A picture is said to be worth a thousand words. And nowhere is this more true than in the realm of e-commerce. We'll go through six techniques for optimising photos on your eCommerce website in this blog. Hundreds of photos are frequently referenced on E-Commerce pages. Full-size product photos, product thumbnails, category images, banners, page decorations, and button icons are all examples of these images. How do you ensure that they are quick and efficient given their abundance?
Developer advocate Alan Kent discussed 6 techniques for optimising photos on your website in a recent episode of E-commerce Essentials. Here are those ideas.
Eliminating Cumulative Layout Shift is the first step in optimising picture use on your site. The content of a page travels around on the screen in a Cumulative Layout Shift or CLS. You've seen those sites where you stop reading or click on a link and the page content shifts. It's quite inconvenient. If photos are used inappropriately, they might add to the problem. CLS has such a significant influence on a user's experience that Google has designated it as one of the three Core web Vitals. These are criteria that Google considers vital for all websites' user experience.
So, how may visuals trigger CLS? When you load a page, your web browser begins downloading the HTML markup. Before the entire page has been downloaded, most browsers will display the top of the page. Any relevant pictures detected are put into a queue of resources to download to shorten your wait time. These files are then downloaded one by one in tandem with the main picture. When the browser does not know the picture dimensions before entering the page content, the problem arises. If the browser realises it did not leave enough room for an image, it will adjust the layout. When physically inspecting a website while it is loading, CLS is typically simple to notice.
If the photos on your e-commerce website are too huge, they will cause your page to load slowly. Finally, you risk being punished by Google, especially if category sites include several photos. You don't want to be penalised for something that might have been avoided.
Always save your photographs in a web-friendly format, with square images being the ideal. If you must use rectangular pictures, strive to keep the ratios close and not overly stretched in one direction. If feasible, provide numerous, bigger photos for the product on product detail landing pages to improve the user experience. Just make sure they're saved in a web-friendly manner this time.
Portable Network Graphics (PNG) as well as Joint Photographic Experts Group (JPEG) are the two most used picture formats (JPEG or JPG).
What's the distinction? In brief, PNGs have higher resolution and allow for transparency, but they have bigger picture file sizes. JPEGs aren't as good in terms of image quality, but their image file sizes are often far less.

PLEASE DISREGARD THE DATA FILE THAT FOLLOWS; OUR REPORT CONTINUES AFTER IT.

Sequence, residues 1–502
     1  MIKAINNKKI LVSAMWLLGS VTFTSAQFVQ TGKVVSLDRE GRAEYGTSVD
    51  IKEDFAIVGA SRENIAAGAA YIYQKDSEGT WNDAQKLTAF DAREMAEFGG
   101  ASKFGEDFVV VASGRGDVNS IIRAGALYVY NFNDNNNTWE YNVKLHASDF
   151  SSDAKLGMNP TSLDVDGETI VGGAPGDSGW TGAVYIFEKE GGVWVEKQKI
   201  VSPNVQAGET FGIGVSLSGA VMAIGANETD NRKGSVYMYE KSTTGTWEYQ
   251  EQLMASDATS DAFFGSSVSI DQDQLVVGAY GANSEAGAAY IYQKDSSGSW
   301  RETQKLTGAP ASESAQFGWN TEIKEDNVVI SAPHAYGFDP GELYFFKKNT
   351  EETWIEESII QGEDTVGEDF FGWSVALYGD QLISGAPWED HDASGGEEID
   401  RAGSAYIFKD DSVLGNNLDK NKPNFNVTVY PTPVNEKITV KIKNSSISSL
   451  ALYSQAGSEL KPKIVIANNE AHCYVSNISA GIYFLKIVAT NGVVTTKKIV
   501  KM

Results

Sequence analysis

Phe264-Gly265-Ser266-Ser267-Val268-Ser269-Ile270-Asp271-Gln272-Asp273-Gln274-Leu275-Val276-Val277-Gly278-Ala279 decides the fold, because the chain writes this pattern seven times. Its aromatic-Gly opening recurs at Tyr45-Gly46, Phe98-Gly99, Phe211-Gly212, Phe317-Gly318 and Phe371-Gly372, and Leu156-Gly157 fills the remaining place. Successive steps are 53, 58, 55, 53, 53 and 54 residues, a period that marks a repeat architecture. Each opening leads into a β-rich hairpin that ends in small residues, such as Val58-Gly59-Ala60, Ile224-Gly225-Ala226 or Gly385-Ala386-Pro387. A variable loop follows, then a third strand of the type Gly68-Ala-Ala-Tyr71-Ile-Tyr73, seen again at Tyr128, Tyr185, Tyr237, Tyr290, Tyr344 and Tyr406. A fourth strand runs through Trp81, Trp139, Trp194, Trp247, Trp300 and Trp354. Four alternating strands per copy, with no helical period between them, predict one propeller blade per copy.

PNGs are also lossless, which means you can modify and save a picture a dozen times without losing quality. JPEGs, on the other hand, are lossy, and their quality degrades with each saving.
When should each format be employed? In most circumstances, JPEGs will be your best choice since they offer a decent balance of image quality and file size.
Picture compressors remove extraneous data such as camera settings, metadata, colour profiles, embedded thumbnails, and so on from an image. This reduces the size of your image's file while maintaining its quality.
When uploading photos to your website, you may bulk compress else automatically compress them using a WordPress plugin like Smush Image Compression and Optimization or EWWW Image Optimizer.
The value 5 indicates how long the browser may safely cache pictures. You can provide an HTTP response header containing caching instructions, such as how long a browser should cache an image when returning an image from your site.
The PageSpeed insight report may be used to determine whether the HTTP response cache header has been set correctly on your end. Images that might benefit from caching improvements are identified in the PageSpeed insights report's Search Static Assets using an efficient cache policy section.
Another option is to check the HTTP cache response headers using the networking tab in Chrome's developer tools. Check if you have a platform on web server setting that you can alter to adjust the cache lifetime for pictures on your site to fix concerns. You can specify a very prolonged cache lifetime if you do not alter photos regularly or if you constantly obtain images with a fresh URL. Aside from cache duration, a CDN may speed up downloads by caching copies of your photos in several places across the world, closer to where visitors connect.
The sequence in which resources, including photos, are downloaded can have a major impact on page speed. Because downloading photos one at a time might be sluggish, HTTP1 browsers download many images simultaneously through separate network connections to the website.
Most browsers now multiplex downloads over a single network connection if the website supports HTTP2. This is often quicker and prevents issues such as huge files prohibiting smaller files from being downloaded. There is still a network bandwidth constraint regardless of strategy. In general, you should download photos in the following order:
Using the proper picture size and quality;.jpeg is the most popular format for a good balance of quality and size. Use.png files to put images atop another layer since they have transparent backgrounds. Arrange the photographs around the description so that the consumer can see both at once. Optimize photos with descriptive labels written in plain English to help consumers and search engines understand what you're selling, ultimately enhancing SEO.
Finally, use solid SEO to get the attention of search engines, and good aesthetic appeal to catch the interest of your consumers!